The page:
Insider Info: How To Create 3D Animated Photographs
Those 3D moving photographs are all the rage right now. There are a slew of apps out there now that can digitally create these trendy, vintage-feel 3D animated photographs but did you know that the trend actually stemmed from a film camera from the late 80’s? The Nishika N8000 is one of the quirkier film cameras that has surfaced on the market throughout the history of photography but is nonetheless a treat to create with.
The N8000 is a lenticular point-and-shoot camera, meaning there are not one, but four, lenses set side by side that take four photographs simultaneously from slightly different angles when you release the shutter. The camera achieves this effect by exposing two frames on a 35mm film strip simultaneously, with each frame split in half. The resulting four images can then be pieced together after development in Photoshop to create a 3D animated photograph!
(Hint: You could also opt for the Nishika N9000 or the Nimslo which are both also lenticular cameras.)
We’re a huge fan of this hybrid 3D, animation, and analog photography creative form and we want to see more of it. That’s why we’ve put together this quick and easy guide to creating these Nishika photos the old school way with a film camera, a roll of 35mm film, and good ol’ trusty Photoshop. Read on for more below!
Credit: @griffin-dann, @freedomlennon, @dwbeatbeast
What you’ll need: A lenticular analog camera (you could go with a Nishika N8000, a Nishika N9000, or a Nimslo), a roll of 35mm film, and photoshop.
Step 1: Snap your photos!
This is pretty self explanatory. It should be noted that every time you take a photo on a lenticular camera, you’re shooting two frames at the same time, meaning you will finish the roll twice as fast. Which is great because we’re really excited to see what we’re gonna create!
Step 2: Develop your roll of film
If dropping off your film at a photo lab, make sure to let your technician know that you’re developing a roll from a lenticular camera and ask them to scan each group of four photographs into one image, it’ll save you an extra organization step!
Step 3: Upload your group of four images into Photoshop.
Do your editing; adjust levels, contrast, curves, etc. to your desire. We want to do all four photos at the same time in order to ensure tone/lighting consistency. Do not manipulate the subjects or objects within the photos.
Step 4: Separate the Photos
Save your strip of photos for safekeeping. Separate each of the photographs into their own individual files, then name and save them in sequential order. (Crop > Save As > “1”, “2”, “3”,”4”) Make sure to keep them in order from left to right!
Step 5: Stacking the Photos
Navigate: Files > Scripts > Load files into Stack. Select your sequentially numbered single-image files and upload. Make sure “Attempt to Automatically Align Source Images” is not checked. Each photograph will be stacked on its own layer in Photoshop.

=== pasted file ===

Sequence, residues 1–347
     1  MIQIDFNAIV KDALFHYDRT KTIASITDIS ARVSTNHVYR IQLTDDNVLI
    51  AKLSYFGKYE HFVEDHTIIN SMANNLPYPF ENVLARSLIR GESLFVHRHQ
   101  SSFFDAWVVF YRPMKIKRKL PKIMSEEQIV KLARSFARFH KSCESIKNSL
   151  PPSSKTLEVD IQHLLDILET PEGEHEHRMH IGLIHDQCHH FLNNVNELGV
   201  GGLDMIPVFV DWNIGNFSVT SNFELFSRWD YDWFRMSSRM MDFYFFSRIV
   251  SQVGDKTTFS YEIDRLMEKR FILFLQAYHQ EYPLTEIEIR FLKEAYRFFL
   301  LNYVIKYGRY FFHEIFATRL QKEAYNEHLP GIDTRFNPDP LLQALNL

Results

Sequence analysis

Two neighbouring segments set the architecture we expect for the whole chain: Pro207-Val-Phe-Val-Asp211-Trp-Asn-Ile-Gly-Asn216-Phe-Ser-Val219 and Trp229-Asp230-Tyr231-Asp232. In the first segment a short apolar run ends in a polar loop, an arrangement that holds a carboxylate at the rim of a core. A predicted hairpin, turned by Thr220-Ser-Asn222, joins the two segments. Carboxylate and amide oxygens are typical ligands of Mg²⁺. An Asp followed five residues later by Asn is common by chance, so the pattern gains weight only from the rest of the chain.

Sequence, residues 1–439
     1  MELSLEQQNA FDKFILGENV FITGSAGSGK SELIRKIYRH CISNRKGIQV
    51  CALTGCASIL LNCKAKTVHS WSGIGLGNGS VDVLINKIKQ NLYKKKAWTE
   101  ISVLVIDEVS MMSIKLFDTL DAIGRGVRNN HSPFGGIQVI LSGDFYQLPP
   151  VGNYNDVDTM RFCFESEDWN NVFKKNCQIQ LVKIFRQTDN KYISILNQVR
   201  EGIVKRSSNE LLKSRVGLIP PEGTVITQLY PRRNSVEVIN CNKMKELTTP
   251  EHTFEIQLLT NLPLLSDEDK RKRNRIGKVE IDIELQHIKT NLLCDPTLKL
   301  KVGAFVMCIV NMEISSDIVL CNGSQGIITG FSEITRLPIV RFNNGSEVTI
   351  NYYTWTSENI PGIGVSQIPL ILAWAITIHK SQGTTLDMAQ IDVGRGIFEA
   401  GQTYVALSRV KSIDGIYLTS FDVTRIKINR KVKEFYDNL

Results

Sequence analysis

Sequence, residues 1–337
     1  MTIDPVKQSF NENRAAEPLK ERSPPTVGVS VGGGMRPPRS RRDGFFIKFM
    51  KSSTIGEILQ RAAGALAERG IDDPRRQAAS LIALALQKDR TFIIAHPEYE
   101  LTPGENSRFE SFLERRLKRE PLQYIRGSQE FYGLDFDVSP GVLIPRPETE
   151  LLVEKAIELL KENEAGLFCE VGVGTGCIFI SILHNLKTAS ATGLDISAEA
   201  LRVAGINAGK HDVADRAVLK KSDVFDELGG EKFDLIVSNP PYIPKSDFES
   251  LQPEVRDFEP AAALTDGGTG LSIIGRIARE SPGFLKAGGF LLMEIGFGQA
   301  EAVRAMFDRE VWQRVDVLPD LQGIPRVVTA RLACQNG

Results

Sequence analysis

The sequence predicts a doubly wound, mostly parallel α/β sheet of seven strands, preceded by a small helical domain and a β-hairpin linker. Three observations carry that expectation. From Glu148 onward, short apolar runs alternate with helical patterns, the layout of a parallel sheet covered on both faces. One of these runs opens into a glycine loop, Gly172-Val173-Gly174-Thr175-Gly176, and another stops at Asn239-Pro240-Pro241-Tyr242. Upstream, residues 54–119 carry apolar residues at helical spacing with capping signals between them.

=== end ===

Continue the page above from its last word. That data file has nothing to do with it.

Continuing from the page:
Step 6: Align on your Focal Point
Working from the bottom up, make the first and second layer invisible. Adjust the opacity of the third layer to about 30% while keeping the fourth layer at 100%. Now, use the move tool to align the transparent third layer with the fourth so that they match up on a desired focal point. This could be your subject’s eyes or the subject in the center of the frame, etc. This is your central anchor point or axis in which the animation will swing around.
Set the opacity of the third layer back to 100% and repeat the above with the second layer, turning the opacity down to 30% and then using the move tool to align the transparent second layer with the third layer on the anchor point. Repeat all of the above with the final layer.
Step 7: Trim the Edges
Turn all of your layers back to a full 100% opacity and crop in from the misaligned edges of the frames. Then turn all the other layers off except for the fourth layer and crop in again to get rid of all the misaligned edges on both the left and right sides of the image.
Credit: @freedomlennon, @marinkd, @lorenzomitil
Step 8: Animating your Image
Navigate: Window > Animation and open the menu through the icon on the upper right hand corner and select Make Frames from Layers. Your four layers should now appear as four frames in the Timeline window. You can adjust the time duration of each frame with the drop down selector under each frame to your desire. (A good place to start is 0.2 seconds)
You want the gif to run in an infinite loop. In order to achieve this effect, we’ll have to replicate some layers in order to achieve a 1-2-3-4-3-2 frame sequence. You can do this in the layers panel by duplicating and dragging the layers in order.
Step 9: Save as a GIF!
Navigate to File > Export > Save for Web. In Looping Options make sure you select the ‘Forever’ Option.
Congrats! You’ve hand-created your very own 3D animated Nishika! Not so hard right? It’s pretty amazing what we’ve created through utilizing analog photography and animation to create this 3D effect. We can’t wait to see the awesome new animated 3D photographs you guys create and share with the world!
Interested in joining the 3D/AR Community? Let us know.